The next morning we took a bus to the bus station in Cusco and got on a bus to Puno for a 5-7 hour ride. The bus was two levels. I had a prime seat in the front of the bus although the window had a huge crack in it.  The bus was very hot but I was able to sleep, watch a movie and listen to music so the time went quickly. I hear the lower level was the air conditioned with leather seats, but I don’t know if that was accurate. Interestingly  our tour guide sat on that level…….

Random church in Puno

Random church in Puno

In order to get to Puno, we had to drive through some really dingy looking neighborhoods and when we arrived at Puno, it didn’t look much better. Fortunately, our hotel was right near the main center so the area was good. We went out for dinner as a group at what seemed to be an American Italian restaurant then went to bed. Talk about a boring two days!

Fortunately, the trip started to pick up again. Our last trek together was to Lake Titicaca. We were joined by other random people. The tour was in both English and Spanish. Upon arrival toIMG_1282 the homestay island of Amantani, we were separated into groups of 2 and were escorted to our home for the night. My roomie and I ended up staying in a house with the tour guides as well which was nice because they were able to translate for us as the owners didn’t speak any English, only Quechua. Our house was nice with a flush toilet and even a shower but others were not as lucky. We helped our lady shuck peas from her garden which was an odd experience since it was pretty much in silence. Other than that we didn’t really have any interaction with her. She didn’t eat with us or try to communicate at all.

IMG_1265Soon after we settled in, the group trekked up a mountain to see the view but I stayed behind because I was tired of being abandoned on the trail. Turns out that wasn’t the best idea for two reasons – one the trek was easy so I could have done it and two after sitting by the polluted shoreline for a while, I got IMG_1367lost trying to get back to my house. I had to play charades with people to try to get home. Ultimately, someone took pity on me and brought me to his house which was conveniently right next to a bar! My house lady found me eventually and we went back to the house to have dinner. Next we were rushed into costume …..well, their native clothing and ushered over to a party. (I don’t know how they keep that black cape on their head. Mine kept pulling my head and tilting my head back!) The party turned out to be a lot of fun, but again, we were rushed out at a certain time when the natives were ready to go to bed.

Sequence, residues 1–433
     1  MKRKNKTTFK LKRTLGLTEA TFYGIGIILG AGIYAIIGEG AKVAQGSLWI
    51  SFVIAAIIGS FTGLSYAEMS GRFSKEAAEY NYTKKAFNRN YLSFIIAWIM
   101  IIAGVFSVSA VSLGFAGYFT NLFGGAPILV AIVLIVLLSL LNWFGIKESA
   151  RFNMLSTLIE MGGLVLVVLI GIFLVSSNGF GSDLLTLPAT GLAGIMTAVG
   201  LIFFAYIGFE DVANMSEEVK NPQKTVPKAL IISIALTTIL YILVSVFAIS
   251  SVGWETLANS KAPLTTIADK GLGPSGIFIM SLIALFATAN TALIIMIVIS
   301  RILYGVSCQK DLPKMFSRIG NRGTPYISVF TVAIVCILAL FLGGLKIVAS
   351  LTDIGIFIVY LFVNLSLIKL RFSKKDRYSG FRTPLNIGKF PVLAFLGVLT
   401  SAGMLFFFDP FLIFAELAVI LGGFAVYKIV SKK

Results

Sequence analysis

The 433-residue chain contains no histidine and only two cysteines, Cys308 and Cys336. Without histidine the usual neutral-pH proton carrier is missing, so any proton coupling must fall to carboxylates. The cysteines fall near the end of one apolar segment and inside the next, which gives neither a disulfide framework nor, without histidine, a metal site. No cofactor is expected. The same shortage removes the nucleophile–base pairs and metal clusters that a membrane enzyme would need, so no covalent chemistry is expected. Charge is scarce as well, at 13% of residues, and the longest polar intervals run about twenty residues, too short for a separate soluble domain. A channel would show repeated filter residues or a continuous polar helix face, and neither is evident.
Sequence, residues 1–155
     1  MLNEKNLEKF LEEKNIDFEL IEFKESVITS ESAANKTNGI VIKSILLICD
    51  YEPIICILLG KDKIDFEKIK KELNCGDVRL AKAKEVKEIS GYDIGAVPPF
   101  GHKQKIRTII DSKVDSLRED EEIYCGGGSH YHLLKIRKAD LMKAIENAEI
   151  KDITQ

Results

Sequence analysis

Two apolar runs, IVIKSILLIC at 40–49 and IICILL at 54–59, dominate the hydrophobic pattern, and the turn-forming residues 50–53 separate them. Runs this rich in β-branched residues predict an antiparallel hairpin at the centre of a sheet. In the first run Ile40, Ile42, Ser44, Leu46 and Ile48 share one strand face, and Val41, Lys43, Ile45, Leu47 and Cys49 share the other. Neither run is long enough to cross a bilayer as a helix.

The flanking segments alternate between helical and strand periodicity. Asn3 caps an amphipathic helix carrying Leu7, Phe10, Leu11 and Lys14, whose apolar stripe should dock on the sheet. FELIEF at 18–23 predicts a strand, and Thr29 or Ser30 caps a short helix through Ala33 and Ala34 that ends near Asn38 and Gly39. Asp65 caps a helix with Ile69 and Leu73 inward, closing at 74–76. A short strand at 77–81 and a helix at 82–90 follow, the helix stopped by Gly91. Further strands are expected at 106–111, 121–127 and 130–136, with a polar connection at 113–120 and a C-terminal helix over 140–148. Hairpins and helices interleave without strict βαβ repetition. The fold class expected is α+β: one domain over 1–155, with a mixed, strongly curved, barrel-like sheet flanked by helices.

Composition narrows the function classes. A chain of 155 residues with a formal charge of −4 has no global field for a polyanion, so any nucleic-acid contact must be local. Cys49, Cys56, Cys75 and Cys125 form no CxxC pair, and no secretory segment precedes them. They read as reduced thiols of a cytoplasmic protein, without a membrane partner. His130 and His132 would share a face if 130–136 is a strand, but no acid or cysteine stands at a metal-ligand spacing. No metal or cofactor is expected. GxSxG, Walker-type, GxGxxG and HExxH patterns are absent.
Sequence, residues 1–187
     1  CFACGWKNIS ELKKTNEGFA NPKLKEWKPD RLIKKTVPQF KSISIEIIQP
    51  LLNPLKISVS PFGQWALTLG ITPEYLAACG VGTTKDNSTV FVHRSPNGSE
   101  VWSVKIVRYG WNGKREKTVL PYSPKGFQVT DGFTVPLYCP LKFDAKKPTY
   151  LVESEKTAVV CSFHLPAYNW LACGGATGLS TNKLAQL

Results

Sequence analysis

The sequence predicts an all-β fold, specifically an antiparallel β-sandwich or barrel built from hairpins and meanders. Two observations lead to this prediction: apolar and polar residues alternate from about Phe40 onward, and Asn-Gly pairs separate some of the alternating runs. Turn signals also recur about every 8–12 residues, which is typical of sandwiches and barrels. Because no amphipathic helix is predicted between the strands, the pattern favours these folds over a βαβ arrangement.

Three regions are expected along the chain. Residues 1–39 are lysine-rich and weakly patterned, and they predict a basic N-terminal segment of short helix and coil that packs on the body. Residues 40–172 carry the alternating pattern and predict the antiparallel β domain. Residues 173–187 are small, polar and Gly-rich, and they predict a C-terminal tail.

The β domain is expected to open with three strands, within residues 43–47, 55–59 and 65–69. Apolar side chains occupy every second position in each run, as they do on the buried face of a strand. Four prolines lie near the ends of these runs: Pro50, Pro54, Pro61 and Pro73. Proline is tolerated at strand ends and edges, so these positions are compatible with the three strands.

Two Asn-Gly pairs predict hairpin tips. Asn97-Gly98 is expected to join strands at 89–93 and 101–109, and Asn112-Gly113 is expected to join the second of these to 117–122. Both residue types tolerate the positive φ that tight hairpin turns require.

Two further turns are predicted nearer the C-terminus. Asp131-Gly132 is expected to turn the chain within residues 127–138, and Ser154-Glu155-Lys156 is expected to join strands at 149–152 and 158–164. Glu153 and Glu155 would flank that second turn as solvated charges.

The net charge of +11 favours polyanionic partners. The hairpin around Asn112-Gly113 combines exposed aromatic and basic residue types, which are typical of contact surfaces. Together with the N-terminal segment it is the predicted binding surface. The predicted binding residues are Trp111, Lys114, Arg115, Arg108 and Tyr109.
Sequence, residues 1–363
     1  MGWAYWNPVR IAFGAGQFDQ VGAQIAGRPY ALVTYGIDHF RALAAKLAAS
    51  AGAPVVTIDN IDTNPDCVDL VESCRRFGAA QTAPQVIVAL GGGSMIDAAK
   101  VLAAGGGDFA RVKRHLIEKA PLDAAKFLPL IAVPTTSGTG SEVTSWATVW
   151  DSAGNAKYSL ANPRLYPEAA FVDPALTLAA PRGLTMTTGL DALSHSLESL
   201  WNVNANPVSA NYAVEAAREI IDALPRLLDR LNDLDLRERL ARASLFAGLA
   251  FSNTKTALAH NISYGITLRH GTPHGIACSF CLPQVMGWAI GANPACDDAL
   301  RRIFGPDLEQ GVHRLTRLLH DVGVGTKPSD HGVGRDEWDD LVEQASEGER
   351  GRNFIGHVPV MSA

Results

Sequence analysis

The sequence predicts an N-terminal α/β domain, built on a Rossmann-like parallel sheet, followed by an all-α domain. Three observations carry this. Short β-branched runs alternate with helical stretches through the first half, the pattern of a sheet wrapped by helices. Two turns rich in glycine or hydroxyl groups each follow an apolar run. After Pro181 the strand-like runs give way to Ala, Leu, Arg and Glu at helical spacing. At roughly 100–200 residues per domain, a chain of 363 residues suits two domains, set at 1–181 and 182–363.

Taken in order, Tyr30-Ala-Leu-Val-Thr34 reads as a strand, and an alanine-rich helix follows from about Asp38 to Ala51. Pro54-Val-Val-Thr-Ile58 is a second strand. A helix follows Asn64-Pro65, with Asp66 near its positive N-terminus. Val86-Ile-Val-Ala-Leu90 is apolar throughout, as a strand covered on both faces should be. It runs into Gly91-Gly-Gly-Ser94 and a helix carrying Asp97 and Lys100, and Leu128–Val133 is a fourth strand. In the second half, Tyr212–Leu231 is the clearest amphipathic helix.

IMG_1436The next morning we took the boat to Taquille Island for no real reason. You have to hike all uphill again and while you do see a really nice view, it seems to just be an excuse to charge you for lunch. Overall, not worth the bother. On the way back to the boat, I was again left behind but this time it was with two additional people. We ended up asking directions and had to trek over giant rocks on the shoreline to find the port. This was another huge fail on both Intrepid Travel and the local guide. They didn’t even look for us and we were missing for a long time – enough time for everyone to take a swim in the lake.

Finally we went to the reed islands which is the whole reason you go to Lake Titicaca. Surprisingly, there were a whole lot of mini islands instead of a few bigger ones. It was interesting to see them, but of course, you then get pressured to buy the stuff they are selling. They only sell a few things that they make and they import the rest of their stock – seems a bit silly but as they have no other income, I guess they have no choice. IMG_1487